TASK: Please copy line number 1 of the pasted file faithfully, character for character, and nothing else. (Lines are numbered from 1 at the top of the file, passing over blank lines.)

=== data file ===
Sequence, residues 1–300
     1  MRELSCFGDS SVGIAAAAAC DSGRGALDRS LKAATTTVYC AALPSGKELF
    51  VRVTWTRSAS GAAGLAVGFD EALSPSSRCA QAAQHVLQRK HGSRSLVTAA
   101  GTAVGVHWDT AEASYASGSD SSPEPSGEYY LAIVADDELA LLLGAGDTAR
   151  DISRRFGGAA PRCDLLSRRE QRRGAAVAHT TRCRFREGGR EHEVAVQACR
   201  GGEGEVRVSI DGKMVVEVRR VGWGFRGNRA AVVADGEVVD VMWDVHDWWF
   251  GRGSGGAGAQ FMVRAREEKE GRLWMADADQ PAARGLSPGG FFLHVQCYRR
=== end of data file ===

Sequence, residues 1–300